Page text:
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Cramer: House Passes Bill to Prevent Flood Insurance Premium Increases, Border Crossing Fee

Jun 6, 2013
Press Release

Washington, D.C. – Today Congressman Kevin Cramer announced the House of Representatives’ passage of a Fiscal Year 2014 funding bill to prevent flood insurance premiums from increasing for over 1,900 North Dakotans and block the Department of Homeland Security (DHS) from moving forward on a border crossing fee among other provisions. The Fiscal Year 2014 Appropriations Bill for Homeland Security reduces expenditures enacted in 2013 by $617.6 million while strengthening border security, bolstering improvised explosive device prevention programs, and requiring the department to fully report procurement and usage of ammunition.

Flood insurance premiums

Late Wednesday evening, Cramer worked closely with colleagues from the Gulf Coast, New Jersey, and other regions affected by flooding to successfully pass an amendment to the bill which prevents a significant increase in flood insurance premiums for 1,911 homes in North Dakota and more than one million homes nationally. The planned increase stems from an overhaul of the National Flood Insurance Program (NFIP) in 2012, which gave FEMA authority to raise rates for flood-prone properties including those which have never flooded. Under current law, premium rates would immediately jump at least 20% for certain homeowners in October 2013. The amendment prohibits any funds in the appropriations bill from being used to implement the increase, delaying it until a better understanding of its impact on homeowners can be reached.

“Significant flooding in the past few years has had a devastating impact on many North Dakotans, and the last thing they need is a sudden change in flood insurance premiums. Even the federal government does not fully understand the ramifications of this rapidly approaching change in rate policy. It would be wrong for FEMA to move forward before at least knowing its impact on the affected homeowners,” Cramer said.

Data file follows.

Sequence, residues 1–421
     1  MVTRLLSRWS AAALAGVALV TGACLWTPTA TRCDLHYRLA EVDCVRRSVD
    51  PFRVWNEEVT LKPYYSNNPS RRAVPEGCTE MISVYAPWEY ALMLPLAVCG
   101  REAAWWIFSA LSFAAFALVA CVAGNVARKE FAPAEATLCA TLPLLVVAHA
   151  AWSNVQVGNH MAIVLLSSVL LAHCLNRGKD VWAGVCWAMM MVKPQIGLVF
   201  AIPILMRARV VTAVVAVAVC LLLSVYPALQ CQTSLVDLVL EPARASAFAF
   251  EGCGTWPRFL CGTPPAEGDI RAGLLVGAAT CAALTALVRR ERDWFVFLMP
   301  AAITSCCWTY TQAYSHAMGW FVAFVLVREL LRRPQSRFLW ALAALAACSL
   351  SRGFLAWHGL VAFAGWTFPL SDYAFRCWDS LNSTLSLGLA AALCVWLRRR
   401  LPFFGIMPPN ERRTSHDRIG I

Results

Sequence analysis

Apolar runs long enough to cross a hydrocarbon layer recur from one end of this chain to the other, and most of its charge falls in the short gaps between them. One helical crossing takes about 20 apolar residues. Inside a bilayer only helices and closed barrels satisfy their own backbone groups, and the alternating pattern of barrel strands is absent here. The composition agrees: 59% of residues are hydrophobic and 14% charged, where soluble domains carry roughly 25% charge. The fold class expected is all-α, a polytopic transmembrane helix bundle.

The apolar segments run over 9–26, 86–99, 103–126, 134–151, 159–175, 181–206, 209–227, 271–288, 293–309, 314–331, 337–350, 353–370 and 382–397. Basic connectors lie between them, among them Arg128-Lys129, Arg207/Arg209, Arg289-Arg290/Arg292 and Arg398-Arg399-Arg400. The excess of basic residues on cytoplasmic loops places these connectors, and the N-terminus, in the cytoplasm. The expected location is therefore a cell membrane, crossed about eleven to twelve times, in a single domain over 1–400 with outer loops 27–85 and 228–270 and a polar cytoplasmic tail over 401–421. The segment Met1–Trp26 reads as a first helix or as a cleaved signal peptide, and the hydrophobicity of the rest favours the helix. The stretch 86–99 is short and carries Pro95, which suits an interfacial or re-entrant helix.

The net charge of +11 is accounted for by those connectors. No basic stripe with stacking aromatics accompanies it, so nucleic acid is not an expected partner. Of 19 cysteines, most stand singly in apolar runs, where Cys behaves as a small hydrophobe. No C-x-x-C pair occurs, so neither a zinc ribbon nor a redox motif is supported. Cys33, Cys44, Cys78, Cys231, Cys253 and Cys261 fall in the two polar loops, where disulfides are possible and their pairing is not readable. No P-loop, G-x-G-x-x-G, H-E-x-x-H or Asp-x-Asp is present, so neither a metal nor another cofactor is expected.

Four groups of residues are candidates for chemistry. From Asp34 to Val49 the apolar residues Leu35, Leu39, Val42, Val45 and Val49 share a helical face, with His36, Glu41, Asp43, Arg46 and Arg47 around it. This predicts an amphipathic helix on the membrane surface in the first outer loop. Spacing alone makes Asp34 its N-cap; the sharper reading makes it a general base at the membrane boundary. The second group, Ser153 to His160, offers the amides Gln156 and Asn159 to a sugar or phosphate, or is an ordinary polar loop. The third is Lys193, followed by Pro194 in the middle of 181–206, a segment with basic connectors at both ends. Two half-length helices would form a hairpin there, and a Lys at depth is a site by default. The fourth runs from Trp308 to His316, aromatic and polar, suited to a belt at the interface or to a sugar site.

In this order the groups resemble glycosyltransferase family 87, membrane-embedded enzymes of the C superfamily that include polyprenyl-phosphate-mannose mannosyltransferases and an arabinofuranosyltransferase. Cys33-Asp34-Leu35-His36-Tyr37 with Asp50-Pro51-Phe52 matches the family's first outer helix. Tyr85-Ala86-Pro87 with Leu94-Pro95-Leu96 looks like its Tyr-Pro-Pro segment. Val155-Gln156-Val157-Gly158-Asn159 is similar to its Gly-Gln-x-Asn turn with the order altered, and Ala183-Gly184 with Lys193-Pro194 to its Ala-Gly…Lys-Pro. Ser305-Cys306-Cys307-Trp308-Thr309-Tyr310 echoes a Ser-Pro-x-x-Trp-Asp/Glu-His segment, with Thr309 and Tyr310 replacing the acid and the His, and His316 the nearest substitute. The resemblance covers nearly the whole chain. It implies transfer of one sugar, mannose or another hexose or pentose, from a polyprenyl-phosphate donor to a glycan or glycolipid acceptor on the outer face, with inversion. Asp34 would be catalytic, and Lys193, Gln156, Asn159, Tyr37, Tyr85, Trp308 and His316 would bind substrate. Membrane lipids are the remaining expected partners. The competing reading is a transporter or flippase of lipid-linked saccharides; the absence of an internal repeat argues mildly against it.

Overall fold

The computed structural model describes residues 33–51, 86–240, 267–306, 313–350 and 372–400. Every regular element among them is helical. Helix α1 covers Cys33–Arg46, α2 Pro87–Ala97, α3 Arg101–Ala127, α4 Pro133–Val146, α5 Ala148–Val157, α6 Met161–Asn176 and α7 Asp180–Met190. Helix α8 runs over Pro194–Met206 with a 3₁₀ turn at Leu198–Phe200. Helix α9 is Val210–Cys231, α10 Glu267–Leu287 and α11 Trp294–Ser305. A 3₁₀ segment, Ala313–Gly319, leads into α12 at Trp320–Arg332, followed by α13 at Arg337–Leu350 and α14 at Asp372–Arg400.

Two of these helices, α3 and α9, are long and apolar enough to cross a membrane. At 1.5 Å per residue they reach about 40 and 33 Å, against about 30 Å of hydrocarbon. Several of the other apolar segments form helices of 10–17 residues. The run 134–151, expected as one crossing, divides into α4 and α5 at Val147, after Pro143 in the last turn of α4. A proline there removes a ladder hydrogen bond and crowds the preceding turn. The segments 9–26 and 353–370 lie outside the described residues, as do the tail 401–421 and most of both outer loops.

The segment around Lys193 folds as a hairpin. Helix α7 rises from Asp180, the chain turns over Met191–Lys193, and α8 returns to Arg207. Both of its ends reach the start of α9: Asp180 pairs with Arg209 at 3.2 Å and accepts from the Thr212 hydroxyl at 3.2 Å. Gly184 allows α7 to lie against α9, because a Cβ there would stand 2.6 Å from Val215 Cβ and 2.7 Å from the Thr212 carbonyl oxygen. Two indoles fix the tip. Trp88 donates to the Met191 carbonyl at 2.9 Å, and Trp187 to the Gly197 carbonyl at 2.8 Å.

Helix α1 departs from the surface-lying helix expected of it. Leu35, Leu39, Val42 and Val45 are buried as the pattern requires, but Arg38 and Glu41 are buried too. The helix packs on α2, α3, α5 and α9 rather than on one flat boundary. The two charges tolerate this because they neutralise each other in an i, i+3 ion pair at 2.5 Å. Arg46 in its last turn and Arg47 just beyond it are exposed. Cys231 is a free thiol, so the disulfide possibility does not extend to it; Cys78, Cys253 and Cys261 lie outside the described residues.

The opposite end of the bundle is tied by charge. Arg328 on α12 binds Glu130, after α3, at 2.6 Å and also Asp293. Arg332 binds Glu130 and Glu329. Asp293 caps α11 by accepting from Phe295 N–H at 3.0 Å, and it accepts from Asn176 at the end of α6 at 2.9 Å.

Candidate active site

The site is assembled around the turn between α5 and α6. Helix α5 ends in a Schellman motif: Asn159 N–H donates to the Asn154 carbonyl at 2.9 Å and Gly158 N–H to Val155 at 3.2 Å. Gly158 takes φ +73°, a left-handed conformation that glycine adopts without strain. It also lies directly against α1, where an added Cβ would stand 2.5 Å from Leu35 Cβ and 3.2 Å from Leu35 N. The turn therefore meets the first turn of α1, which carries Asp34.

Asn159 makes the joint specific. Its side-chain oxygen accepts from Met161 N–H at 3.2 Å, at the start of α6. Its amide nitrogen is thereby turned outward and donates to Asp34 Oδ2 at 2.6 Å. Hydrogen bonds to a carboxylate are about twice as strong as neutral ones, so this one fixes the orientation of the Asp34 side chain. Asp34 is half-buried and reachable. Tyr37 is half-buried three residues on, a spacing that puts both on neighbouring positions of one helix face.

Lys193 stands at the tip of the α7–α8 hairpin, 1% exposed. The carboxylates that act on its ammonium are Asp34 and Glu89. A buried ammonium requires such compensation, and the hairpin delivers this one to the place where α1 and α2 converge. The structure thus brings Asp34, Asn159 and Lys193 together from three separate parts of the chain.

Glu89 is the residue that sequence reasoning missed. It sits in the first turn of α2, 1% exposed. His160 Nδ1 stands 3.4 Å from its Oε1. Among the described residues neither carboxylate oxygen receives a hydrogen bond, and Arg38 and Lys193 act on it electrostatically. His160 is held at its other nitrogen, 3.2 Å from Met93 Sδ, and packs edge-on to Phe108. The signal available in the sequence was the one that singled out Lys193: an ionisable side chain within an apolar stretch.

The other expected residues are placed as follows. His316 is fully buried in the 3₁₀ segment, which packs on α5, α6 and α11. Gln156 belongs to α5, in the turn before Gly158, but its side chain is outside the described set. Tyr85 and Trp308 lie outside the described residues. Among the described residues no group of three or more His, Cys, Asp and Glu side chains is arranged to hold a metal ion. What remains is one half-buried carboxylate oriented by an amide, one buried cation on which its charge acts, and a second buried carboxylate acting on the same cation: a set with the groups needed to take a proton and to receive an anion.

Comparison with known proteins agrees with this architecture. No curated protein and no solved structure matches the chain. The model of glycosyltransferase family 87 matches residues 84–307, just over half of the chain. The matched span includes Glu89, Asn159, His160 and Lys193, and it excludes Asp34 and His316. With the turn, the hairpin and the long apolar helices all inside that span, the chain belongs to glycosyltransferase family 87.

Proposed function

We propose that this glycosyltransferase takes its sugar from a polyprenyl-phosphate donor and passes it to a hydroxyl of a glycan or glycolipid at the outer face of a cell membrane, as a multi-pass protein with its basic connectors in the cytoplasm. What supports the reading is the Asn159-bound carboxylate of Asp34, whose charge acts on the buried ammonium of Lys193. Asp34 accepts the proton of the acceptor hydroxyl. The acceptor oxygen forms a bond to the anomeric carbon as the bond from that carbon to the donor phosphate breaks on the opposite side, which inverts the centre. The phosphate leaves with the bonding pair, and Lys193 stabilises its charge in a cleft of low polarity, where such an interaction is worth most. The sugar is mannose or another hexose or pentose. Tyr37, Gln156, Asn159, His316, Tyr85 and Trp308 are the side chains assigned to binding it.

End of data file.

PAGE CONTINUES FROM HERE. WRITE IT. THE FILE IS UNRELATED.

Border crossing fee

The Fiscal Year 2014 budget request from DHS contains language supporting a study on fee collection for visitors at all land crossings including those shared with Canada. The bill passed in the House of Representatives today blocks this effort by prohibiting any funds from being used to establish, collect, or otherwise impose a border crossing fee, or to conduct any study relating to such a toll.

After urging Homeland Security Secretary Janet Napolitano to reconsider the proposal, Cramer was thanked by Canadian Ambassador Gary Doer for his strong stand in opposition to the fee.

“We are keeping pressure on the administration and will not stop until the border fee is completely off the table,” said Cramer. “North Dakota already has policies in place to attract retail business from Canada. Among its other pitfalls, the fee amounts to federal interference with our tourism structure by reducing the net value of the incentives we offer Canadian visitors.”

FEMA disaster relief

The disaster relief requirement for FEMA is completely met in the bill, providing a funding level of $6.2 billion, including $1.5 billion for state and local grants. A disaster declaration for North Dakota in response to spring flooding was approved on May 29.

Border security

The bill provides for the largest number of border enforcement personnel in history, including 21,370 Border Patrol agents and 22,800 Customs and Border Protection officers. Added funding for air patrol efforts ($803 million) will further strengthen border security.

Prevent waste and abuse

An oversight requirement within the bill requires DHS to file a comprehensive report on ammunition purchases including usage information in response to shortages on certain types of ammunition.  The bill also denied funding for the proposed creation of three new DHS headquarter offices and limits spending for conferences and ceremonies.

Other provisions

Additional areas of funding include $5.4 billion for Immigration and Customs Enforcement, $786 million for cybersecurity, and $16.5 million for bombing prevention programs relating to new weaknesses identified in the aftermath of the Boston Marathon attack.